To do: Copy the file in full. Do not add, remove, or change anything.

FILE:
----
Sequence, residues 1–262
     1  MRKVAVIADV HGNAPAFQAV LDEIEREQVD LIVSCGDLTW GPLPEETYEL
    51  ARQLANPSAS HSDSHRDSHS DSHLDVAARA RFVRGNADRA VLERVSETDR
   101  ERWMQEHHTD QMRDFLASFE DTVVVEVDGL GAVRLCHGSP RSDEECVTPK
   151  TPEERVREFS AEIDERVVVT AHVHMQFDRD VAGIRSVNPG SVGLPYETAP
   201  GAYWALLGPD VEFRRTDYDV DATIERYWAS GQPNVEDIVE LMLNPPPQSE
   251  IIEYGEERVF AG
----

Sequence, residues 1–262
     1  MRKVAVIADV HGNAPAFQAV LDEIEREQVD LIVSCGDLTW GPLPEETYEL
    51  ARQLANPSAS HSDSHRDSHS DSHLDVAARA RFVRGNADRA VLERVSETDR
   101  ERWMQEHHTD QMRDFLASFE DTVVVEVDGL GAVRLCHGSP RSDEECVTPK
   151  TPEERVREFS AEIDERVVVT AHVHMQFDRD VAGIRSVNPG SVGLPYETAP
   201  GAYWALLGPD VEFRRTDYDV DATIERYWAS GQPNVEDIVE LMLNPPPQSE
   251  IIEYGEERVF AG